I have a reconditioned beer cooler in my garage. I bought it on eBay a year ago and it didn’t cost a bomb and it isn’t that big, about the size of a microwave. I don’t drink much beer but that’s not what it’s for, I bought it to help warm my greenhouse. It would be nice if I could say the idea is my own, but I saw it on BBC Scotland’s ‘Beechgrove Garden’ programme. The cooler will act as a heat pump and will, hopefully, raise the temperature in the greenhouse a few degrees, just enough to prevent frosts zapping the seedlings (we get frosts as late as early June). The heat isn’t free. Like a fridge, it needs electricity. You get Owt for Nowt, as my Granddad would say (no points for guessing which county he came from).
Heat pumps have been described as fridges that work in reverse, but that’s an odd explanation. They are better described as fridges that take heat from the ground instead of from your food – and just like a fridge they put that heat into your house. As you can see in the photo, I’ve got as far as fitting two brass connectors to it. All I have to do now is to lay about twenty metres of pipe in a shallow trench in my garden and then cut through the concrete floor of the greenhouse – which probably explains why the cooler is still in my garage.
Watch this space….
I have a reconditioned beer cooler in my garage. No beer, just a cooler. It’s about the size of a microwave and I bought it on eBay after seeing one on Beechgrove Garden (BBC Scotland). They had it connected up as a heat pump to help prevent freezing in one of their greenhouses – the facts sheet is here. The principle is that you bury pipes in the garden and extract heat from the ground (I haven’t got round to that bit yet). The heat you get from a small unit like that is no big deal, but it should use less energy to run than the energy I would use heating the greenhouse to the same temperature… if you see what I mean. Just a couple of degrees would help, as we get frosts in early June and they can flatten seedlings.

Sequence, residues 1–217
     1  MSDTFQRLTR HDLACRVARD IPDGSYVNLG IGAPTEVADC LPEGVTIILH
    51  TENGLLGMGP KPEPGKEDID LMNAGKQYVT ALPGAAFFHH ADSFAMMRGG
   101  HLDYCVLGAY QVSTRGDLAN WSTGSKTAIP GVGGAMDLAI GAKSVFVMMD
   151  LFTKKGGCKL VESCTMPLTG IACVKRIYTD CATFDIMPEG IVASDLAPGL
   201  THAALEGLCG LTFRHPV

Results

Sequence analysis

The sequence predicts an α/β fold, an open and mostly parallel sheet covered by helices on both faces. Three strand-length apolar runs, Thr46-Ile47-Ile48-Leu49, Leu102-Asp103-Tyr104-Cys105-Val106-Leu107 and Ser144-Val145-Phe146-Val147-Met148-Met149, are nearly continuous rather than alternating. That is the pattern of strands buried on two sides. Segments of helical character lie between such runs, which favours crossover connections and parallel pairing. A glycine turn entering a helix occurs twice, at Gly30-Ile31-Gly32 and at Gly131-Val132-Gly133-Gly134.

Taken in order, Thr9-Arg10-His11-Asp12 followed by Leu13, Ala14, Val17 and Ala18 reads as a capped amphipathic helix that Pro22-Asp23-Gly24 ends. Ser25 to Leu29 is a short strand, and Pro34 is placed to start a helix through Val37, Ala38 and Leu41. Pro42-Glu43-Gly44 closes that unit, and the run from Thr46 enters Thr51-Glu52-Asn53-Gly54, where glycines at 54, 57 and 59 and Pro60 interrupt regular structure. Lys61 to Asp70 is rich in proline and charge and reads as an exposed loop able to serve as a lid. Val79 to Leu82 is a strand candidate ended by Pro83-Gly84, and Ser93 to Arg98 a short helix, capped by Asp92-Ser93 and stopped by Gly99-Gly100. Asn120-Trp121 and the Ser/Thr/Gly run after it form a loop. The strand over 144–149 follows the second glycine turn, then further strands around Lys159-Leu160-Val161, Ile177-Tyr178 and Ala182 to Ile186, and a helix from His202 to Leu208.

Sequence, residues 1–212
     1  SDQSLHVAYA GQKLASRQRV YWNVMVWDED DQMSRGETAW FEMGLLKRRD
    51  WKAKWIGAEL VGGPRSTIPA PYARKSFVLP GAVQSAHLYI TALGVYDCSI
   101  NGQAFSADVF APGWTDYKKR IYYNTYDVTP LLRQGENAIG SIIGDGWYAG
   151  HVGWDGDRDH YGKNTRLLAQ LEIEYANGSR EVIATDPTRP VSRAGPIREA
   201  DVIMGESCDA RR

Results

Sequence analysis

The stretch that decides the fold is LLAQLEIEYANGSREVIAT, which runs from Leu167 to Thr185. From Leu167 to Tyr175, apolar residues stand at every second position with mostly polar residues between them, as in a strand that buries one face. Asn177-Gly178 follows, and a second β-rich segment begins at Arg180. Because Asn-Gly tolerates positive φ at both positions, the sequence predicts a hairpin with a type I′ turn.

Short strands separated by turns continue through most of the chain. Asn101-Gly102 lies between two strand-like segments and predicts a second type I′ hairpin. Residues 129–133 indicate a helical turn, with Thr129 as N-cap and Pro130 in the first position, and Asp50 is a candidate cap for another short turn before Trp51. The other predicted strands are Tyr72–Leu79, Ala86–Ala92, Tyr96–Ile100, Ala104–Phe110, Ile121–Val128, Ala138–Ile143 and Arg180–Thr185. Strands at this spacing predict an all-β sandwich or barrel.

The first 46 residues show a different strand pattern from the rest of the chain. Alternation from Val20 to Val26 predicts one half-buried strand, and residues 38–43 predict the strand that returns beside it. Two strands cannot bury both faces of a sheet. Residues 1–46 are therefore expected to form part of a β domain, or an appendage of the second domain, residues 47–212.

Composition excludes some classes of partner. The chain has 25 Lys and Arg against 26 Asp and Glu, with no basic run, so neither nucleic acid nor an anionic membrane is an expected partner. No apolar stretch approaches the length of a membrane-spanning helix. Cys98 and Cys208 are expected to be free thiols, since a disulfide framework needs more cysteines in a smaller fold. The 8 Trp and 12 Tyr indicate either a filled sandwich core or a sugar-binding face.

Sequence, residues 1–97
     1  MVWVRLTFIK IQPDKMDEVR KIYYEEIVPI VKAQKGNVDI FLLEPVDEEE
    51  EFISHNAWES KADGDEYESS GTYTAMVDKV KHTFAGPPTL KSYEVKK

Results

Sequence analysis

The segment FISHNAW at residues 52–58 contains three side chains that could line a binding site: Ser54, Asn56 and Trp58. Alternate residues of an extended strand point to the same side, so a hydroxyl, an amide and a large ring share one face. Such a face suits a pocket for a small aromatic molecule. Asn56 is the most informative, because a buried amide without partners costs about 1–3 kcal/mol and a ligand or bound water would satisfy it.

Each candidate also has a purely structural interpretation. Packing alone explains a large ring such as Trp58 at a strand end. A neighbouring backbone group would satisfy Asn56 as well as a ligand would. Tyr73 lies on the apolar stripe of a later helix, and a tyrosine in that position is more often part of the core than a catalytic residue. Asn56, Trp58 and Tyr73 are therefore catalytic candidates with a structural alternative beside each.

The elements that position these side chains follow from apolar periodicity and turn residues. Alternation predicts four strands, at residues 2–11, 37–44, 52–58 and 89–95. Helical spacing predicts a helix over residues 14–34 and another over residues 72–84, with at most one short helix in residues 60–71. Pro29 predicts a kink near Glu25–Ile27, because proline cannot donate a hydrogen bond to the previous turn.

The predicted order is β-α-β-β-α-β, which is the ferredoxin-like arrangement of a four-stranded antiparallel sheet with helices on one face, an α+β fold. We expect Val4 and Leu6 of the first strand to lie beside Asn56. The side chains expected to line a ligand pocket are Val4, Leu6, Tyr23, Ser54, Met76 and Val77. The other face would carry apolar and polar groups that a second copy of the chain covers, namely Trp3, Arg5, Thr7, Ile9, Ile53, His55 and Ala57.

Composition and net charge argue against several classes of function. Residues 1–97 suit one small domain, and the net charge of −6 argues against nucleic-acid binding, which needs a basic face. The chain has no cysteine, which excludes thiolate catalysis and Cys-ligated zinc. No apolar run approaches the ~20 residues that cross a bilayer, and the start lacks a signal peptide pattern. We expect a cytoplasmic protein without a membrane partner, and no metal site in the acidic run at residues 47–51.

Whitmuir Organics has a REAL ground source heatpump. The pipes are buried deep beneath large earth embankments, and from them they heat most of their new building. I can only bury my pipes a maximum of 18″ (45cm) beneath the surface because at that depth I reach solid rock – and I’m not sure I would be popular if I started blasting it out.
In the 1980s I was on the UK Department of Energy’s Geothermal Energy Steering Committee, and in those days heat pumps were hardly worth considering (not that ground source heat pumps use geothermal energy – they use heat from the sun that has warmed the Earth, not heat generated deep down, that’s quite different).
Things have changed a lot since the 1980s. The cost of fossil fuel has rocketed and heat pump technology has improved. I have yet to see if my little experiment will work. Trouble is, a lot of digging is involved. At present the ground is rock hard and covered by an ice sheet, like Greenland.
[Many false claims are made about heat pumps. If you are seriously thinking about installing one (not a toytown one like mine) then download the Energy Saving Trust’s .pdf file from here]